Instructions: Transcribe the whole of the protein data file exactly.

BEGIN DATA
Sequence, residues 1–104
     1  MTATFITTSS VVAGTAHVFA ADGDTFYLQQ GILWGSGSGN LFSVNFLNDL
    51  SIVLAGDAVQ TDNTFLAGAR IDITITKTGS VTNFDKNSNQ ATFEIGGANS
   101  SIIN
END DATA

Sequence, residues 1–104
     1  MTATFITTSS VVAGTAHVFA ADGDTFYLQQ GILWGSGSGN LFSVNFLNDL
    51  SIVLAGDAVQ TDNTFLAGAR IDITITKTGS VTNFDKNSNQ ATFEIGGANS
   101  SIIN